Could there be a second season of Nick Hornby’s State of the Union? Sundance TV’s Jan Diedrichsen is ready and willing. “We, of course, love Nick,” he says. “We love the show, and we would love to do more.”
Diedrichsen’s enthusiasm is unsurprising, given that State of the Union has proven to be not only a new kind of viewing experience, but has also seemingly set a new trend for short form in general. Comprised of 10-minute episodes centering on a couple (Chris O’Dowd and Rosamund Pike) in the midst of marital counseling, the project brings quality writing and a major cast to a series ultimately directed at commuters watching it in increments on their phone, but which also makes sense viewed back-to-back as a complete film.
As Diedrichsen explains, their strategy in getting eyes on the show speaks to how people are changing their viewing habits. “One of the ways we wanted to connect with our audience was to say, ‘Hey, you are on your commute home, you’re on a train, maybe you’re carpooling, hopefully you’re not driving. Or you’re on a bus. You have these short bursts of time. Here’s the perfect show where you can watch one, maybe two, episodes on your commute home and really get a full beginning, middle and end in that short burst of time.'”
When Hornby’s material first came to Sundance TV through See Saw, Diedrichsen was completely sold. “It was brilliant,” he says. “It was smart. It was funny. It was insightful. It was biting. And it was unorthodox and unusual. And that’s one the things that we actually loved the most about it.”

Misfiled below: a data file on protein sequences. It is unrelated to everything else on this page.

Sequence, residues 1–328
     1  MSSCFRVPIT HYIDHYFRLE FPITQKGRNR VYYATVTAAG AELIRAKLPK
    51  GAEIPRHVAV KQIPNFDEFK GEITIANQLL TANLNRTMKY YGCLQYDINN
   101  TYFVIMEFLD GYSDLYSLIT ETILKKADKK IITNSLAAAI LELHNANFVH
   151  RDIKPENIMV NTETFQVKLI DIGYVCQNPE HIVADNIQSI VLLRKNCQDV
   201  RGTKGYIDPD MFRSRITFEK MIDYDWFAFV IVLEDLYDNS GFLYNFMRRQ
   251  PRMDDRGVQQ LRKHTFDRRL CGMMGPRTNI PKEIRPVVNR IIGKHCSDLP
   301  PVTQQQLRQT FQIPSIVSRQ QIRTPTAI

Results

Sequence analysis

The premise and style of the series also very much appealed to the Sundance ethos. “Our brand, and really the legacy of the Sundance brand across the board, starting with Robert Redford, is to break new barriers and try new things and be experimental,” Diedrichsen says. “And this felt like such a cool experiment. Not just in the fact that it was a short form series, but the fact that the series took place in one location with basically two actors. And was an examination of a marriage through this really unconventional filter.”
Going forward, will Sundance TV be investigating more short form projects, especially given the hugely-successful reaction to State of the Union?
“Yes,” says Diedrichsen. “I think the definition of an episode of television and the length of an episode of television, is evolving. And not only in terms of YouTube and the varying lengths of content that people watch now. I also think that there’s so much content that sometimes it’s just nice not to have to climb that mountain of an hour-long episode, or a 10-hour season to get a full story, while still having it be episodic.”